It’s been more than a hundred years, so a lot has changed. Medical science is much more advanced. The world is a more interconnected place. But there are some important parallels between now and then. In some respects—the fear of travelers carrying the disease, the intense criticism of public health authorities—things haven’t changed much at all.
Asiatic cholera was spread by body fluids—especially the copious diarrhea it produced to the point of dehydrating a grown man in a matter of hours. Indeed, to the nineteenth-century American, cholera was every bit as scary, deadly, and disgusting as Ebola fever is today. The cholera of 1892 had already decimated much of India, the Middle East, Asia, and Eastern Europe and shut down the port of Hamburg, the largest in the world. By August 30, New York City, the world’s second largest port, began to receive its first cholera victims, mostly impoverished Russian Jewish immigrants.
It’s probably true, for example, that in 1892 the 20-day quarantine helped by reducing the flow of immigrants and the overwhelming workload of medical inspection. But the quarantine also caused collateral damage—starting with the scapegoating of all Eastern European immigrants. Meanwhile, those of us who have studied the outbreak have concluded that it was not the quarantine that deserves most of the credit for containing the disease. It should go instead to public health officials in New York City and to the federal government. They worked aggressively to ensure that the water supply was not tainted with the cholera microbe—and used case tracing and isolation of the ill to keep the disease from spreading.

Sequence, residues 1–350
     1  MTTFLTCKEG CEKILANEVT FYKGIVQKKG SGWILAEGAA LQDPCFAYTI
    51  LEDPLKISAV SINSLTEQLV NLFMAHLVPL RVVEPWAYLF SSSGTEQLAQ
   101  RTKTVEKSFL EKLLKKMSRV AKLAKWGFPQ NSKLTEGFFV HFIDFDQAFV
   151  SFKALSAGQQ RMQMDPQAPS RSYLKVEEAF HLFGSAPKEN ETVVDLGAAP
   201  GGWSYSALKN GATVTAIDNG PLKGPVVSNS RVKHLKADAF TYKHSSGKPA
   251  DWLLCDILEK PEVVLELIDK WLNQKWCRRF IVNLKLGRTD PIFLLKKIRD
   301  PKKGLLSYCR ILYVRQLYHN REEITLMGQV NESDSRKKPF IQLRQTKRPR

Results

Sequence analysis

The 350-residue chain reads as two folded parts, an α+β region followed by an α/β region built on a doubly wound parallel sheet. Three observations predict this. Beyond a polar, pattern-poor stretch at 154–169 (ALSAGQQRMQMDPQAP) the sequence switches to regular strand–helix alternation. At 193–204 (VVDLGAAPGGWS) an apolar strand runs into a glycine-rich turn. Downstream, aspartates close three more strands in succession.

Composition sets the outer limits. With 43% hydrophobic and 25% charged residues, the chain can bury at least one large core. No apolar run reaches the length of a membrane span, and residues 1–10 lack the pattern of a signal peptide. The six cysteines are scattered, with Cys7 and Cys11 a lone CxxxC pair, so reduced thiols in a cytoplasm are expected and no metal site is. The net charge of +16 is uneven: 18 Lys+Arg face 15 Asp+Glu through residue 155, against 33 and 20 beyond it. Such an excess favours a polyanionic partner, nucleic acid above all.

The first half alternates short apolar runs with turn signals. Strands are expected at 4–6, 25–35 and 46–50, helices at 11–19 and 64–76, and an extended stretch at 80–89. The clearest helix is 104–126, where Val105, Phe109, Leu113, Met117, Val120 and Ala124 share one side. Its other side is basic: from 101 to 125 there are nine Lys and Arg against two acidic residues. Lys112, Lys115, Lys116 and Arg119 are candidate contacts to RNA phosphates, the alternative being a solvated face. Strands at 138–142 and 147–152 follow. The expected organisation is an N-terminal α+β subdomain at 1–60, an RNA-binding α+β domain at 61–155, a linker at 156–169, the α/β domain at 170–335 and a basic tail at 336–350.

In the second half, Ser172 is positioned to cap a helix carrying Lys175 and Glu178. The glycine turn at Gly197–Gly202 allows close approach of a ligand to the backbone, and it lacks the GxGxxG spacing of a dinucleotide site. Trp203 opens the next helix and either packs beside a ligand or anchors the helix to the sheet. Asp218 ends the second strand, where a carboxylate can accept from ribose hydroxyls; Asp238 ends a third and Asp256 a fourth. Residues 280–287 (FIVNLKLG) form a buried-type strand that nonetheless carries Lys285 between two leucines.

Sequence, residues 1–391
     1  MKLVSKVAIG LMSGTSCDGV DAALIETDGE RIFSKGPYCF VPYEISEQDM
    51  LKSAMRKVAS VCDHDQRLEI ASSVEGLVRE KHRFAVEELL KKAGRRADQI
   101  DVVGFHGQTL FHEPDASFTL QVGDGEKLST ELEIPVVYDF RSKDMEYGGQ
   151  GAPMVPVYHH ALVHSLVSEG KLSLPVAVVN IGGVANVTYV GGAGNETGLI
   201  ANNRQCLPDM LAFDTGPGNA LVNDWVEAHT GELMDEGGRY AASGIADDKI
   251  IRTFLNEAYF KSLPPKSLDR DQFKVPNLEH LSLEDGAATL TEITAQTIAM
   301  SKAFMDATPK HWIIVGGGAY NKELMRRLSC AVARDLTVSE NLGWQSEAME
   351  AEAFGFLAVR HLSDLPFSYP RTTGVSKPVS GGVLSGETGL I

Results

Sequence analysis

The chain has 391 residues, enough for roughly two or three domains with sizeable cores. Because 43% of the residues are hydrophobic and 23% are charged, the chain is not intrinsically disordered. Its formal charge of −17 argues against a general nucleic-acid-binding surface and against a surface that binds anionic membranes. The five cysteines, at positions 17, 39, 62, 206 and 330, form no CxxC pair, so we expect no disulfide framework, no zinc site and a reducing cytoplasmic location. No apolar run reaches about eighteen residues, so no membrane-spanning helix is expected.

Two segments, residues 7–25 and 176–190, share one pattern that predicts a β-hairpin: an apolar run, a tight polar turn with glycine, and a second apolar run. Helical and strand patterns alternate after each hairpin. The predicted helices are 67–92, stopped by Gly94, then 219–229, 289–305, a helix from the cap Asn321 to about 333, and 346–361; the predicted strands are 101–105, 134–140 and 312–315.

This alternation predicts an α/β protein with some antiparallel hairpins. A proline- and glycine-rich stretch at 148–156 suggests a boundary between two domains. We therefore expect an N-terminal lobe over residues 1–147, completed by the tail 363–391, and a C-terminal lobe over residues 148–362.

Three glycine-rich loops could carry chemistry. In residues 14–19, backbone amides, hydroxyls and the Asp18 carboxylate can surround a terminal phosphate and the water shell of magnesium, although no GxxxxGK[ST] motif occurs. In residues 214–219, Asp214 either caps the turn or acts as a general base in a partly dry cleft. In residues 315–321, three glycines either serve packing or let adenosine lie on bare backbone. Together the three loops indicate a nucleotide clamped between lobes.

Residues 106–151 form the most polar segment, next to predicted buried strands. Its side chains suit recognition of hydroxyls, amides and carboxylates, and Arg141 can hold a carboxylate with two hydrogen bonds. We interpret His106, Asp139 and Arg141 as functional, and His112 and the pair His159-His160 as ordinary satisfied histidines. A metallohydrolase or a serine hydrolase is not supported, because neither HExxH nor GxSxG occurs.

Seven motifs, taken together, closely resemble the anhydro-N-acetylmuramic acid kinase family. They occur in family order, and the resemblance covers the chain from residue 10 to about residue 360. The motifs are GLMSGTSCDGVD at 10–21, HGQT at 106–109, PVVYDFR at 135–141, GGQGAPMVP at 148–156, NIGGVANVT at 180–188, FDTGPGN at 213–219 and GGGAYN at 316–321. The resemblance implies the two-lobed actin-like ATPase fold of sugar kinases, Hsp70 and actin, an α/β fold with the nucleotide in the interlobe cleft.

And then thanks to Dr. Pollock who linked us to a story in the Washington Post enumerating what we do and, more importantly, don't know about Ebola. One concern is whether or not a person could carry the Ebola virus without showing symptoms, and thus be a carrier of the disease like Typhoid Mary back in NYC in the 19th century. Fortunately, the answer seems to be no, although of course we don't know for sure. The evidence suggests that if you have the disease your viral load is very low until you start to show symptoms. The implication is that if you have the virus but have no symptoms, your are unlikely to spread the disease. Of course, that doesn't mean it can't happen, and that uncertainty is what feeds fear...